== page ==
As a business owner, it is important to work with vendors and products that help you achieve your business goals. One critical financial vendor is your merchant account provider. Merchant account providers allow a business to accept payments, specifically debit and credit cards, in order to pay for goods and services. While there are many reliable vendors to choose from, you may need to consider switching a merchant account provider. You may experience poor customer service or see higher or hidden fees. This article will provide you with information to help you determine which merchant account provider is best for you/your business as well as the basic steps to switch providers. First things first, if you already have a current merchant account provider, you should review your contract and pay attention to a couple of key factors:
The annual renewal: this is the cost to renew services. Timing can be key when switching merchant account providers, especially if you are paying an annual fee. In addition, if you break a contract in the middle of the contracted time, you may incur a fee for terminating the account. Some contracts have an automatic renewal, so it is important to understand the timing, or to call your merchant provider to find out when the renewal takes place to stop the process. Some contracts, on the other hand, have specific contracts with an end date, and then go to a month-to-month.
Status of Point of Sale (POS) or credit card terminal: Your POS/credit card terminal(s) are either owned or leased, so check to see which status yours fits into. If they were free with the usage of the merchant provider, you will likely need to return the terminals.
After determining the timing/renewal process and the status of your terminals, it’s time to research! This is a great opportunity to research other merchant account providers to see which one is best for you and your business. Some of the factors to consider include:
Interchange Fees: these fees occur for every transaction a customer makes using a credit or debit card at your store/website. Interchange fees cover PCI compliance in many cases as well as fraudulent or erroneous transactions and are paid to the credit card association/company.
Transaction Fees: these are fees paid to the merchant account provider, and they also occur for every transaction a customer makes using a credit or debit card at your store/website.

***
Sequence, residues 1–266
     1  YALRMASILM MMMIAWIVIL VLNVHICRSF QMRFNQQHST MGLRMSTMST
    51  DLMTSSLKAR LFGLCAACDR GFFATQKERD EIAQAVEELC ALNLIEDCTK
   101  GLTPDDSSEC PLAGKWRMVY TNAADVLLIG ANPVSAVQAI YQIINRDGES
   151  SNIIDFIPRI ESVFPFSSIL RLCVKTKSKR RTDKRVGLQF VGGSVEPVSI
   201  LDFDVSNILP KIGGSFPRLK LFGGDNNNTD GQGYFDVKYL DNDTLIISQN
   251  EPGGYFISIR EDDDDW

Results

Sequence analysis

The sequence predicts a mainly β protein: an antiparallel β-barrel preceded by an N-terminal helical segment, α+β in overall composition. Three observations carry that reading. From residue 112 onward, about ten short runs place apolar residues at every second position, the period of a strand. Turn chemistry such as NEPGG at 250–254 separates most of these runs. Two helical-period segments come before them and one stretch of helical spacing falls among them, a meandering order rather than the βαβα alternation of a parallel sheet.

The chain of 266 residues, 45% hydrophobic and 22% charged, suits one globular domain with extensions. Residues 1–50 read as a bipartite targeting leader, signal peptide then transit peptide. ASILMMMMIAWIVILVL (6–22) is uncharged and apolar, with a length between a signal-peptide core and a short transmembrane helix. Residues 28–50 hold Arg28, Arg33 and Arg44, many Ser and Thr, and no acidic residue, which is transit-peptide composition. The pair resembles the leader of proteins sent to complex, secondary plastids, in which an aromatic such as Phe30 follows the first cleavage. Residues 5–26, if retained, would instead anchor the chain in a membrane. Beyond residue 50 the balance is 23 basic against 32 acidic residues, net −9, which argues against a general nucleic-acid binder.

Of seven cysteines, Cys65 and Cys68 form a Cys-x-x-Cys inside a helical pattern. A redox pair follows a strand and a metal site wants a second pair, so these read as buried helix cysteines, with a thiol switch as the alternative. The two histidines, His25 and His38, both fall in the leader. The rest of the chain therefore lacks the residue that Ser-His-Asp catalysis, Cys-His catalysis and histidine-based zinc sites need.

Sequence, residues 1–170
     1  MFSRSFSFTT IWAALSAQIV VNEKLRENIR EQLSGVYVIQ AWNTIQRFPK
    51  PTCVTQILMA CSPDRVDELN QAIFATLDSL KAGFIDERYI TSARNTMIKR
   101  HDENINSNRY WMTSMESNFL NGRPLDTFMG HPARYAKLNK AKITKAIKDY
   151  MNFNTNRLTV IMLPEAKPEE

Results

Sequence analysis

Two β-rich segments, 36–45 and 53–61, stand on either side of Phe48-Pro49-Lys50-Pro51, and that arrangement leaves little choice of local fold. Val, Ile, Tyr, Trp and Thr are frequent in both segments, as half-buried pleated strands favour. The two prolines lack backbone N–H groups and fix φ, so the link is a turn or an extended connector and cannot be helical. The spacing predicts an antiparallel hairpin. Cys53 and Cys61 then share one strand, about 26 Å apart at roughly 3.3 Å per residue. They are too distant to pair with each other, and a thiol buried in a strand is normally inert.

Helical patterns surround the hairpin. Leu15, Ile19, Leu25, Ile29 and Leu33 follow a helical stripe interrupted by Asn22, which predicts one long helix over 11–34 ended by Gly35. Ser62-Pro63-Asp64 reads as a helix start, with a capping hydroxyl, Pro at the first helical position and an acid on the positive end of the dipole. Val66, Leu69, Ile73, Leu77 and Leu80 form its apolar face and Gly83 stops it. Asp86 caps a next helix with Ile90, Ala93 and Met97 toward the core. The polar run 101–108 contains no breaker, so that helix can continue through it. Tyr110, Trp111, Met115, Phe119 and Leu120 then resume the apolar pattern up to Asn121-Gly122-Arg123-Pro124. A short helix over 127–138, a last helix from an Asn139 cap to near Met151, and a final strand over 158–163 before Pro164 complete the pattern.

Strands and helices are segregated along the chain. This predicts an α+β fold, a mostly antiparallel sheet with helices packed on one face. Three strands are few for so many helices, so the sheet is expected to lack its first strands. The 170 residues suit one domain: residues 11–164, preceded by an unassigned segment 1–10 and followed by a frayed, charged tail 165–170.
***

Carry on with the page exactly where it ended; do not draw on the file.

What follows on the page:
Monthly Fees: these are what are called mark up fees. For smaller volume sales, it is typical to have monthly fees paid to the merchant account provider. However, this is something you can certainly try to negotiate!
Credit and Debit Card Acceptance and Processing:
In order to process payments online through an e-commerce site, you will need to use a payment gateway. Payment gateways not only determine if the credit or debit card can be accepted, many gateways provide security (PCI Compliance) and anti fraud checks. Beyond payment gateways, it might be a good idea to research Payment Service Providers (PSP’s) that are a combination of payment gateways and merchant account providers. This might be a good idea for a small business that doesn’t require a lot of online transactions.
Some merchant providers are better than others when it comes to e-commerce transactions. E-commerce transactions refer to online transactions, and a business owner needs to enlist a payment gateway, shipping and shopping cart vendors in addition to a merchant account. It is important to see which services cover one or more of these different vendors, as it may be advantageous to use a streamlined system with all of the services.
Merchant providers should provide options to transfer funds from your payment processing account to your bank account. You can see if the merchant provider provides next day funds (where funds are available the following day), same day funds (available the same day) or instant funding (immediate funds).
Point of Sale (POS) software is essentially the cash register for your business on an online platform. POS software will record sales transactions and save it on a hardware device or on a cloud. It also provides some transaction services, reporting and calculation services for things like tax, totals and change.
All purchases must be compliant with the Payment Card industry Data Security Standard, which is referred to as PCI-DSS compliance. The PCI Security Standards Council is the governing body that determines the compliance requirements and was founded by the major credit card companies including American Express, Discover, JCB International, MasterCard and Visa Inc. Merchant account providers are required to be PCI compliant in order to process, store or transmit credit card data, so it is critical that you research whether or not the merchant providers you are comparing are compliant.
If you have given gift cards to customers through your older merchant account provider, you will need to ensure that you can utilize these cards with whichever new provider you move forward with. Once you have researched all of the various fees and factors that are important to you and your business, you can finally switch your merchant account provider! Most systems for e-commerce sites are designed to plug n’ play, as long as you have a bank account and a payment gateway/processor. In addition, make sure you have successfully canceled your previous merchant account, taking into account any specific contractual policies. Switching merchant account providers is not always an easy task, and requires knowledge of the current contract, timing and what your needs are as a business owner. However, you can save a lot of money by figuring out which fees you can negotiate and what services can streamline your processes to make online purchasing as easy as possible for your customers.
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